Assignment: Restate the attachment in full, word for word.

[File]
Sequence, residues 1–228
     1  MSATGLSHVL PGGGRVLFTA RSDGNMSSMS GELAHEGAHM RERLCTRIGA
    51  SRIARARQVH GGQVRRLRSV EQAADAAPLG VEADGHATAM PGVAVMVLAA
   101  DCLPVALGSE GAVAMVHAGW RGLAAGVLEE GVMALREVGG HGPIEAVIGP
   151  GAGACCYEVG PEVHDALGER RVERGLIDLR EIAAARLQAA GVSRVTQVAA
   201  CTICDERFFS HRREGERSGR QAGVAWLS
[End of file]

Sequence, residues 1–228
     1  MSATGLSHVL PGGGRVLFTA RSDGNMSSMS GELAHEGAHM RERLCTRIGA
    51  SRIARARQVH GGQVRRLRSV EQAADAAPLG VEADGHATAM PGVAVMVLAA
   101  DCLPVALGSE GAVAMVHAGW RGLAAGVLEE GVMALREVGG HGPIEAVIGP
   151  GAGACCYEVG PEVHDALGER RVERGLIDLR EIAAARLQAA GVSRVTQVAA
   201  CTICDERFFS HRREGERSGR QAGVAWLS